RI rail passenger count up; still lower than hoped

PROVIDENCE, R.I. (AP) — More passengers are using the commuter rail line between Providence and Rhode Island's main airport, transportation officials reported Friday, but not as many as was hoped when the trains started rolling in late 2010.

Ridership statistics show an average of 149 people take the train to T.F. Green Airport in Warwick each weekday. An average of 177 people catches the train each day at T.F. Green and head north to Providence, Boston or points in between. The numbers come from the Massachusetts Bay Transportation Authority, which operates the rail service under a deal with the state.

Though that's twice as many passengers as a year ago, Warwick Mayor Scott Avedisian said officials wanted to see more passengers taking the train by now.

"Obviously, it's a slower start than we'd hoped for but we have all the pieces in place to make it work," he said. "The key is to make it as convenient as possible or people won't use it."

Bryan Lucier, a spokesman at the state Department of Transportation, notes passenger rail service south of Providence is still in its early stages. Lucier said that so far, ridership at T.F. Green "has exceeded RIDOT's expectations."

The state is poised to extend commuter service farther south to the new Wickford Junction in North Kingstown. Service to the station, which includes a four-story parking garage and links to local bus service, is scheduled to begin on April 23.

Wickford will be the southern-most stop on the Providence-Stoughton rail line. It should help boost passenger counts by giving residents in southern Rhode Island a new way to commute or travel to T.F. Green, Avedisian said.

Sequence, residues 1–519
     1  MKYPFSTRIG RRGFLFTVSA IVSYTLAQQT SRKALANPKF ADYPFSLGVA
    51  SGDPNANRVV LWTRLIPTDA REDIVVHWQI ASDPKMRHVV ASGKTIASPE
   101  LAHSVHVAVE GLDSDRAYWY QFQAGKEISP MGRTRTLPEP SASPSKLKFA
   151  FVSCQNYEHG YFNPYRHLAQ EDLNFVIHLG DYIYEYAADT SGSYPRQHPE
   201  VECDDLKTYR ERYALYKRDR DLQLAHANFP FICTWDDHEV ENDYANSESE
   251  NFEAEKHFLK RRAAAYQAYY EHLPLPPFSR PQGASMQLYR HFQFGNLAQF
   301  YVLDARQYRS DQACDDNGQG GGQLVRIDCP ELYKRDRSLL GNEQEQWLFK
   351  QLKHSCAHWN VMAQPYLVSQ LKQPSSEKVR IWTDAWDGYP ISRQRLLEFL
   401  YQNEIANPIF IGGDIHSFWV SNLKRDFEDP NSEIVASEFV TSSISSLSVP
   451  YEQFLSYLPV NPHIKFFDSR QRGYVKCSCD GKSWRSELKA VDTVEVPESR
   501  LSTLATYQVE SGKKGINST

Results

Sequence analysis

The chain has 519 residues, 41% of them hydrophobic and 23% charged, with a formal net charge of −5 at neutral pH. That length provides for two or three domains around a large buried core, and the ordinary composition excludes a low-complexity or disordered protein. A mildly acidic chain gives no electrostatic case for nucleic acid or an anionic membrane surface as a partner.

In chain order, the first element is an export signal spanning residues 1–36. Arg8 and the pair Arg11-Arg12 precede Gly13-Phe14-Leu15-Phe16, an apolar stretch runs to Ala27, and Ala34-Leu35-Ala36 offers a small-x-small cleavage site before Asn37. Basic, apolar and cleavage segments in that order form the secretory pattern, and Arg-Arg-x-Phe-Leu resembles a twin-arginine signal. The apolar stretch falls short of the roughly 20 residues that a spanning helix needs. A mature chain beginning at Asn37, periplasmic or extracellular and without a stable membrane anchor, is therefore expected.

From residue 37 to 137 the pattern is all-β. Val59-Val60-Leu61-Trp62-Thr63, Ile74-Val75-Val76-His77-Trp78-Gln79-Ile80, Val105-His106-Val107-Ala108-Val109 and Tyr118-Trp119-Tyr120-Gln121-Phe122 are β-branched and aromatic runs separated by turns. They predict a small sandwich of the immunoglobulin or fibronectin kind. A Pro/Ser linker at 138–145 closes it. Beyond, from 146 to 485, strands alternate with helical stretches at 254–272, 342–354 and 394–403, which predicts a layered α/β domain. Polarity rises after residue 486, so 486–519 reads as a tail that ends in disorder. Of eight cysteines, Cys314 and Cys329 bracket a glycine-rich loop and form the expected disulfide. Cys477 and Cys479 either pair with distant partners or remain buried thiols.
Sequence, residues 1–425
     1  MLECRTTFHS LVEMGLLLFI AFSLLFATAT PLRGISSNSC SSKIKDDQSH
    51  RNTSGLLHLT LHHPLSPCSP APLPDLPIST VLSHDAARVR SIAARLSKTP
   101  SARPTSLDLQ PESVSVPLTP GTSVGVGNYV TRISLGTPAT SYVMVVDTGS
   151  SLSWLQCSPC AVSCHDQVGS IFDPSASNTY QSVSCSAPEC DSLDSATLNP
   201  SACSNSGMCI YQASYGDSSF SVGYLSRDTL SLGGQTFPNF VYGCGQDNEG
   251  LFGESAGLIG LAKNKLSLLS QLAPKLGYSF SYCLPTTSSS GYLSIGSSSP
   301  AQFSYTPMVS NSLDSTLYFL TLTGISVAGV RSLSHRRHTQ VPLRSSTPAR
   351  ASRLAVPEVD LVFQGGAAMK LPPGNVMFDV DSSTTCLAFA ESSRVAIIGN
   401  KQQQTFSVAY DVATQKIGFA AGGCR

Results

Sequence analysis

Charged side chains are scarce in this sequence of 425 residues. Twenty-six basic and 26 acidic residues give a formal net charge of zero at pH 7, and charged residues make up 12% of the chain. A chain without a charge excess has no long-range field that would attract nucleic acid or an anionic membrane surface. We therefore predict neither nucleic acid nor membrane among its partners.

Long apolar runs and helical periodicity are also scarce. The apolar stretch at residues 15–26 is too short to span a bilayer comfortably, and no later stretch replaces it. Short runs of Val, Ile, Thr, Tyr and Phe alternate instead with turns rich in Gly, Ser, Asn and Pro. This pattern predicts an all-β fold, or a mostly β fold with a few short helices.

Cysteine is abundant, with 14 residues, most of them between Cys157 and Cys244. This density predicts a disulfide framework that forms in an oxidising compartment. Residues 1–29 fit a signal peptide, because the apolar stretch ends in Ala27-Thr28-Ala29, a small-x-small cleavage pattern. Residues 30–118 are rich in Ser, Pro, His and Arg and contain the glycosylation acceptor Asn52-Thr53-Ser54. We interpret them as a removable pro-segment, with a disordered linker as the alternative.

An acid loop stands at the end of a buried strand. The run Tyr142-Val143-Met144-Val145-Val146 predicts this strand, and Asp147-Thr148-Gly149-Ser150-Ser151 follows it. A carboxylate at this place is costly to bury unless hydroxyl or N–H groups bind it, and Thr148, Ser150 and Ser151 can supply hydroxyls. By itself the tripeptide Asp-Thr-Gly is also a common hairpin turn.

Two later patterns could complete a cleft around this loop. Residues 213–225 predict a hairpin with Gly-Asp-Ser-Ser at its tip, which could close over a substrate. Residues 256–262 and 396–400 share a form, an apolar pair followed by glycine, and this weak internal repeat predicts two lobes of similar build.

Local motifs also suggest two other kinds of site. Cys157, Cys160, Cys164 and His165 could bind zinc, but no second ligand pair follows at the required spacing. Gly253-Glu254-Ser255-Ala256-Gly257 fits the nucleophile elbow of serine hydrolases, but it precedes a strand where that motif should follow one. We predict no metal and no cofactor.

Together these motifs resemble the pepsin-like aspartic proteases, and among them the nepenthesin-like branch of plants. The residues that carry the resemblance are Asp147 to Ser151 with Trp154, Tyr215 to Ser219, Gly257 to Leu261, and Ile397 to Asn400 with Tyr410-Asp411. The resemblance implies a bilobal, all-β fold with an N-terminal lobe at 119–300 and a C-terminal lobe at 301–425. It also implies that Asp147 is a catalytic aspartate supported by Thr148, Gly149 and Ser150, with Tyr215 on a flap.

State officials have long discussed the possibility of extended commuter rail service all the way to Westerly. A 2001 report outlining that goal projected that more than 450 passengers would board trains in Warwick daily, with 3,000 more using a station in North Kingstown.

Passenger rail service connecting the airport to Providence began in December 2010. A year ago, the MBTA reported that 109 people on average were using the new service each day.

U.S. Sen. Jack Reed toured the new Wickford station this week. Reed, a Democrat, pushed to secure $33 million in federal funds for the new facility. He said in a statement that rail service offers a good alternative to commuters now dealing with rising gas prices and highway traffic.

"By getting more commuters off the highways and on to mass transit, this project will help relieve congestion along the I-95/Route1/Route 4 corridor, and improve air quality," he said.

Trains will run Monday through Friday from Wickford north to Warwick, Providence and Boston. The service will offer 20 trips a day, and fares will vary depending on destination.